The Witch’s Kitchen – an excerpt from Faust by Johann Wolfgang von Goethe

[An excerpt from Faust by Johann Wolfgang von Goethe, in which we meet a witch, and Mephistopheles acquires a potion for Faust’s edification. Perhaps it will bring him youth and renewed vigour. Faust reveals his prejudice and contempt for an obvious charlatan. He is an educated man, superior. These tricks are beneath him. Faust is not a witch and the things of witches – like potions – are not to his taste. Would he consider an entheogen as a legitimate route to God? Like this potion, it would surely just bring him closer to the Devil.]

Wherein, Sirs, can I be of use?

Give us a goblet of the well-known juice!
But, I must beg you, of the oldest brewage;
The years a double strength produce.

With all my heart! Now, here’s a bottle,
Wherefrom, sometimes, I wet my throttle,
Which, also, not the slightest, stinks;
And willingly a glass I’ll fill him.
Yet, if this man without due preparation drinks,
As well thou know’st, within an hour ’twill kill him.

He is a friend of mine, with whom it will agree,
And he deserves thy kitchen’s best potation:
Come, draw thy circle, speak thine adjuration,
And fill thy goblet full and free!

(with fantastic gestures draws a circle and places mysterious
articles therein; meanwhile the glasses begin to ring, the
caldron to sound, and make a musical accompaniment.
Finally she brings a great book, and stations in the circle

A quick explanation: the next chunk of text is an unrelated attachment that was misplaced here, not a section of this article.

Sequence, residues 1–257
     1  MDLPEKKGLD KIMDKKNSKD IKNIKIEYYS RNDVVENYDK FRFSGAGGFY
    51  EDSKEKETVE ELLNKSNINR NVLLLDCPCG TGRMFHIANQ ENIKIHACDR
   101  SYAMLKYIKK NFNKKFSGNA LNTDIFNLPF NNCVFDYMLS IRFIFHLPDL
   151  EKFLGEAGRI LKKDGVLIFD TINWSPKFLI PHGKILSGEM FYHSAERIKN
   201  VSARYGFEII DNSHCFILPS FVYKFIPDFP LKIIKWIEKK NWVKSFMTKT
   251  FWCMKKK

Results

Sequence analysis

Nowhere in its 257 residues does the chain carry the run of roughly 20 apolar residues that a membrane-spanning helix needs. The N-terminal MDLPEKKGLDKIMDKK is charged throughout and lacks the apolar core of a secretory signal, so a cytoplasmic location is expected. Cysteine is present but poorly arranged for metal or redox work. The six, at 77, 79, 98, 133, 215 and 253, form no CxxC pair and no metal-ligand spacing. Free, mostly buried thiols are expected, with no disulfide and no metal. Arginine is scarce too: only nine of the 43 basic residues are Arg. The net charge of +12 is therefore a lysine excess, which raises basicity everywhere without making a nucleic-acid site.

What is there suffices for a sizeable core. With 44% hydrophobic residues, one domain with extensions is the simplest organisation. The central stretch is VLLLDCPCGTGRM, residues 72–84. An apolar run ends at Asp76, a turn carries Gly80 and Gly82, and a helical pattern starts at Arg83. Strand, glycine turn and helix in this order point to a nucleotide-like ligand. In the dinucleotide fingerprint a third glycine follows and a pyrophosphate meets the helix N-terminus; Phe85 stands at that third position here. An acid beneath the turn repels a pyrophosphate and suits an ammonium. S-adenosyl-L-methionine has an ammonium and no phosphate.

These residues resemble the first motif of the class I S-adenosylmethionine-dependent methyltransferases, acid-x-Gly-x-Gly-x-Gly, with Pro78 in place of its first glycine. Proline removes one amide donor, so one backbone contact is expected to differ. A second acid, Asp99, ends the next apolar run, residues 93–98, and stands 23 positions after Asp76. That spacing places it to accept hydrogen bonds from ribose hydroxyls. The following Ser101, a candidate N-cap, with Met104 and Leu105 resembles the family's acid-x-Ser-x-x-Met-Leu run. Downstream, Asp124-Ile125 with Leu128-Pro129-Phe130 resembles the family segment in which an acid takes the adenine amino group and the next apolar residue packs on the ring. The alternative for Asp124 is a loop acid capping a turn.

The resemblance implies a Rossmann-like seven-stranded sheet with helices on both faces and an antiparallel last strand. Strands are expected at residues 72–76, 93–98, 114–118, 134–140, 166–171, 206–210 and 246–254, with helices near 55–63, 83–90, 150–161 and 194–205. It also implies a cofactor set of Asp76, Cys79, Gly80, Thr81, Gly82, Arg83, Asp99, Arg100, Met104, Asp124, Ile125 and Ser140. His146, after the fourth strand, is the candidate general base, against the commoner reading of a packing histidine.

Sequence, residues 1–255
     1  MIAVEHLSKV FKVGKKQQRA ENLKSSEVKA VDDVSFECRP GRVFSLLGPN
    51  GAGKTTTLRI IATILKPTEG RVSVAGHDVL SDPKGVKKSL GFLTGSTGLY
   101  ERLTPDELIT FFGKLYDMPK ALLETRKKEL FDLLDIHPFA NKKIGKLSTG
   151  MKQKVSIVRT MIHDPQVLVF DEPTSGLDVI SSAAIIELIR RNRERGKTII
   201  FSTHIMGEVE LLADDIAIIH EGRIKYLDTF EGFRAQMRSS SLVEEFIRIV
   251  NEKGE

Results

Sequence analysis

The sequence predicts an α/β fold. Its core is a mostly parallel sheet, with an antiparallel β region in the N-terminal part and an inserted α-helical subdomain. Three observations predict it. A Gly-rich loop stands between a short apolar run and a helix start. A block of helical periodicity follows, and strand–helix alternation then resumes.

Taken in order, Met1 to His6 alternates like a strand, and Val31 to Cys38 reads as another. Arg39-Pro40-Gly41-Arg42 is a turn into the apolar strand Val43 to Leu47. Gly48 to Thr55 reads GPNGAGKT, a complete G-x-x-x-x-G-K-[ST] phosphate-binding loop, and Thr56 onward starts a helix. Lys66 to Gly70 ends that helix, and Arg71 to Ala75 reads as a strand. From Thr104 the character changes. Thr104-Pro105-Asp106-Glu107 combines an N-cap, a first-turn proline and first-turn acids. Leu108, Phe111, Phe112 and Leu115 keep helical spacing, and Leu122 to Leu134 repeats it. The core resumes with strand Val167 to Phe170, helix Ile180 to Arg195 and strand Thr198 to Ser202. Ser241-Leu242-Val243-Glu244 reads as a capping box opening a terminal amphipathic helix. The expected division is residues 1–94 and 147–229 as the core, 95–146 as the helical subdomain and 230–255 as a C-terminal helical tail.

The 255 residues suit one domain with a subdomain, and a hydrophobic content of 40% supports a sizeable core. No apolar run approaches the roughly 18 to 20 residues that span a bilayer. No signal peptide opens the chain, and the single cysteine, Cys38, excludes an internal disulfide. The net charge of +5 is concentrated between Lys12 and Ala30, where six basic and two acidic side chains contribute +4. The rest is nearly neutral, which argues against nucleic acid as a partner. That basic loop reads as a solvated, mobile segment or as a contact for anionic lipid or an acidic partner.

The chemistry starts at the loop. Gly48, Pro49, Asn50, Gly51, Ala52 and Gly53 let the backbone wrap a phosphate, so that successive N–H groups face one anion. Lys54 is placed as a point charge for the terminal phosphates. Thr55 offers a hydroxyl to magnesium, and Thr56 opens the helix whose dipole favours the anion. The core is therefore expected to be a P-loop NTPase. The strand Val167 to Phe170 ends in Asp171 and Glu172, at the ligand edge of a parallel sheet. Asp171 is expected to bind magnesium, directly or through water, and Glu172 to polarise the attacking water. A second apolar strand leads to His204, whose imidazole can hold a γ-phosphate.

the Apes, who are obliged to serve as reading-desk, and to
hold the torches. She then beckons FAUST to approach.

Now, what shall come of this? the creatures antic,
The crazy stuff, the gestures frantic,–
All the repulsive cheats I view,–
Are known to me, and hated, too.

O, nonsense! That’s a thing for laughter;
Don’t be so terribly severe!
She juggles you as doctor now, that, after,
The beverage may work the proper cheer.
( He persuades FAUST to step into the circle .)

( begins to declaim, with much emphasis, from the book )
See, thus it’s done!
Make ten of one,
And two let be,
Make even three,
And rich thou ‘It be.
Cast o’er the four!
From five and six
(The witch’s tricks)
Make seven and eight,
‘Tis finished straight!
And nine is one,
And ten is none.
This is the witch’s once-one’s-one!

She talks like one who raves in fever.

Thou’lt hear much more before we leave her.
‘Tis all the same: the book I can repeat,
Such time I’ve squandered o’er the history:
A contradiction thus complete
Is always for the wise, no less than fools, a mystery.
The art is old and new, for verily
All ages have been taught the matter,–
By Three and One, and One and Three,
Error instead of Truth to scatter.
They prate and teach, and no one interferes;
All from the fellowship of fools are shrinking.
Man usually believes, if only words he hears,
That also with them goes material for thinking!

THE WITCH ( continues )
The lofty skill
Of Science, still
From all men deeply hidden!
Who takes no thought,
To him ’tis brought,
‘Tis given unsought, unbidden!

What nonsense she declaims before us!
My head is nigh to split, I fear:
It seems to me as if I hear
A hundred thousand fools in chorus.

O Sibyl excellent, enough of adjuration!
But hither bring us thy potation,
And quickly fill the beaker to the brim!
This drink will bring my friend no injuries:
He is a man of manifold degrees,
And many draughts are known to him.
( The WITCH, with many ceremonies, pours the drink into a
cup; as FAUST sets it to his lips, a light flame arises.
Down with it quickly! Drain it off!
‘Twill warm thy heart with new desire:
Art with the Devil hand and glove,
And wilt thou be afraid of fire?

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